Anyone who might have thought that Libya’s UN-recognized Government of National Accord (GNA) is a monolithic and politically coherent entity has had much food for thought since political rivalries in Tripoli boiled over in late August and GNA head Fayez al-Sarraj announced his surprising plan to step down by the end of October.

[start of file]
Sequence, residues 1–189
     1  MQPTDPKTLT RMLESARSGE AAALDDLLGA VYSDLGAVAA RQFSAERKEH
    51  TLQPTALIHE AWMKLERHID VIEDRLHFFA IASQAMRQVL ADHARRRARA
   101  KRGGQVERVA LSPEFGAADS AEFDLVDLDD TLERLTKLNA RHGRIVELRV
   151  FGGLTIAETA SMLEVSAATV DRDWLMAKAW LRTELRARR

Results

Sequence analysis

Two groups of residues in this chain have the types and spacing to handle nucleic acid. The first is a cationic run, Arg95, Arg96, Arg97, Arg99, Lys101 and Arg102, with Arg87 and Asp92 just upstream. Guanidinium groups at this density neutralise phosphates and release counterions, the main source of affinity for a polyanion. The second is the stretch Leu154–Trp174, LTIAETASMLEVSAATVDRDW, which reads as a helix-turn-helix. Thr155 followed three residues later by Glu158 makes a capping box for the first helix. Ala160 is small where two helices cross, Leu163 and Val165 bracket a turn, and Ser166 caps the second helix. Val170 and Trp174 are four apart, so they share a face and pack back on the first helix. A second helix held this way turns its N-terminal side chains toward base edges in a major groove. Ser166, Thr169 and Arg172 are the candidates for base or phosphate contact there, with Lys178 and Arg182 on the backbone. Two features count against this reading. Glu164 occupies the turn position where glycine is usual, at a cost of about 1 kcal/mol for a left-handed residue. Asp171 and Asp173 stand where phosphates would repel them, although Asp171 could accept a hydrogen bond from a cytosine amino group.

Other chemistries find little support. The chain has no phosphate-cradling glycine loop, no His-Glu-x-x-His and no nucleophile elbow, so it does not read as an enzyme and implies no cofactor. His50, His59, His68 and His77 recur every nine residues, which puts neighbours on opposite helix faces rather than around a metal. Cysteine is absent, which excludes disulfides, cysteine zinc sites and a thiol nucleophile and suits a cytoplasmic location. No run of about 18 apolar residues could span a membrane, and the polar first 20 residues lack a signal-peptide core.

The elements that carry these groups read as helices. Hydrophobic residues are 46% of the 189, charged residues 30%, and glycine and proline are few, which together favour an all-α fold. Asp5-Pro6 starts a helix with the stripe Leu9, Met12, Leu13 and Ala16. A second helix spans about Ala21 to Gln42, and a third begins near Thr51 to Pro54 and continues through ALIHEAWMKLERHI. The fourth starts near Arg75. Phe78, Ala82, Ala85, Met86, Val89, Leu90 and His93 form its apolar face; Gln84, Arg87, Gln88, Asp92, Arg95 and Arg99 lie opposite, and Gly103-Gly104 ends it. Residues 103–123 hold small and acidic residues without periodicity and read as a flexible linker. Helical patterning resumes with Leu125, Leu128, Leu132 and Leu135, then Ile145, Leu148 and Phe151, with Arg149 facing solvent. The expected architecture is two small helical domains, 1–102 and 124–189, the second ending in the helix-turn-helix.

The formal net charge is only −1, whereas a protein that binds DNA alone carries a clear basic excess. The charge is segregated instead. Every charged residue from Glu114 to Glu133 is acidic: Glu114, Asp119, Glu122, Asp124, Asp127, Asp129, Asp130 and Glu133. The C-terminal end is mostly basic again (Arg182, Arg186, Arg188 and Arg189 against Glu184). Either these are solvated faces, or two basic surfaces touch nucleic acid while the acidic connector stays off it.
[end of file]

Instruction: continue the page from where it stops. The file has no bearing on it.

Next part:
The in-house wrangling came to a head Aug. 29 as Sarraj suspended Interior Minister Fathi Bashagha, who wields command over a Misratan militia aligned with the GNA, while Bashagha was visiting Turkey, the GNA’s chief foreign backer, together with Khaled al-Mishri, the head of the High Council of State. Mishri’s almost three-hour meeting with Turkish President Recep Tayyip Erdogan and Bashagha’s meeting with Turkish Defense Minister Hulusi Akar were believed to have particularly irked the GNA premier. Sarraj suspended Bashagha, holding him responsible for a violent crackdown on street protests, while an ensuing flurry of military activity in Tripoli and Misrata sparked talk of a possible coup against Sarraj. Though things seemed to cool down when Bashagha was reinstated in early September, the power struggle showed how fragile the GNA is.